The World Health Organization (WHO) describes stress as “…any type of change that causes physical, emotional or psychological strain.”1 Stress is an occupational hazard for humans and can result in less-than-optimal situations in dogs as well.2
Stress is integral to the fight-or-flight response. Organisms evolved to feel stress as a way to warn the body of potential danger. It works well when it’s needed, but it’s another thing when your stress works itself into overdrive. That’s when it can cause harmful effects. After all, you or your pup can’t stay in this stressed mode all the time. So, yes, a dog may vomit from stress.
Effects of the Fight-or-Flight Response
The goal of the fight-or-flight response is to optimize an organism’s reaction to stress. That means directing energy resources to where they’re needed most. Therefore, it puts certain passive processes of the parasympathetic nervous system on pause, such as digestion. Instead, a stressed body often focuses on other things.
Consequences of the Stress Responses
Keep in mind that while stress is certainly felt during life-or-death situations, it can be felt at other times that might not be all that dangerous in reality.
Any of these conditions can threaten a dog, thus triggering a stress response that may involve vomiting or diarrhea.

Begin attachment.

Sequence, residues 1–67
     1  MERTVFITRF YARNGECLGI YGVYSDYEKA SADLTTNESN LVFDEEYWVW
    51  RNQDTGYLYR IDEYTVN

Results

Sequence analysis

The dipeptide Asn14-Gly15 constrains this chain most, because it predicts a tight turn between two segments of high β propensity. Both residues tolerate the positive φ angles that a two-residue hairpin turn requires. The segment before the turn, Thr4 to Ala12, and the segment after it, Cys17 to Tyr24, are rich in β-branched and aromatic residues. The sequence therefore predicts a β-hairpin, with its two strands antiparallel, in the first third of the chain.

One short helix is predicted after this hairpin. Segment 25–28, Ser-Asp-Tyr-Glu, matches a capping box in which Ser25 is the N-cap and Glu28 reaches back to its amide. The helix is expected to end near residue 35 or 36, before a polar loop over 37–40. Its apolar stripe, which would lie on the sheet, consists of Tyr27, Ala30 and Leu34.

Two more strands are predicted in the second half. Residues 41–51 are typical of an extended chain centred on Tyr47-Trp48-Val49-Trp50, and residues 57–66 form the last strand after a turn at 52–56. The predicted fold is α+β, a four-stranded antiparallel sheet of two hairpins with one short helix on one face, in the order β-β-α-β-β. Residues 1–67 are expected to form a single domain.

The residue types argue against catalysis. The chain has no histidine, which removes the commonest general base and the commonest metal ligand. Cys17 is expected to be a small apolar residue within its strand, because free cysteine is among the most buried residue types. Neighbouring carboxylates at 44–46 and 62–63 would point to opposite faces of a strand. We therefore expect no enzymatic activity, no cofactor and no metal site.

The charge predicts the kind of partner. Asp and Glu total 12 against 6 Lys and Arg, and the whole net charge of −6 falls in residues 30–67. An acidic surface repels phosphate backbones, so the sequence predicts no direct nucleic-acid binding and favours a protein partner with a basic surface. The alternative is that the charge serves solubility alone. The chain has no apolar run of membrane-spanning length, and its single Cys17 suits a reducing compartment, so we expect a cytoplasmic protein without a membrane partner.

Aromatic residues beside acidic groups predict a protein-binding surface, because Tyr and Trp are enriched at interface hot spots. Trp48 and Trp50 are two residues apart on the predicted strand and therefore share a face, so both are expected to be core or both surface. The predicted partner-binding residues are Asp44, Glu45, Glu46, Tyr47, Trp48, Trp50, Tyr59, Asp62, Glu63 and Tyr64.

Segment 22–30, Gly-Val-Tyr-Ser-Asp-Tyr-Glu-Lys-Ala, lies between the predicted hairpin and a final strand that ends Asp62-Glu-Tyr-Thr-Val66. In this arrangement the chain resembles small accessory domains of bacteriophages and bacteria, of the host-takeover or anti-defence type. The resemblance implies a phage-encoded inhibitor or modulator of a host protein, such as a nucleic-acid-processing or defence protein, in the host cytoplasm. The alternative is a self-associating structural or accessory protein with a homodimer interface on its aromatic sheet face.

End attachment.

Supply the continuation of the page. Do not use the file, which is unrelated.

Remember that vomiting is an extreme response. You should concentrate on relieving the problem, otherwise, it will continue to affect your pup and may escalate.
What to Do if Your Dog Is Vomiting
Long-term stress is just as harmful to your pup as it is to you. So, be sure to take your dog on daily walks, give them balanced food, and keep them mentally stimulated. And if your dog vomits multiple times within a 24-hour period, it is strongly advisable to bring them to the vet for a check-up!
Vomiting is dangerous because it can dehydrate your dog quickly. The veterinarian might administer fluid therapy to your dog, take x-rays, and administer an anti-nausea injection as needed. If the problem persists, the vet will need to examine your dog further to see if there is another cause for the gastrointestinal issues.
Life is full of stressors, which is why it’s not uncommon for a dog to get an upset stomach or throw up when faced with one of life’s many challenges. Basically, if your dog is throwing up, it’s a sign that something is wrong, and you should probably take them in to get checked out by a professional. After all, prolonged stress can be extremely dangerous!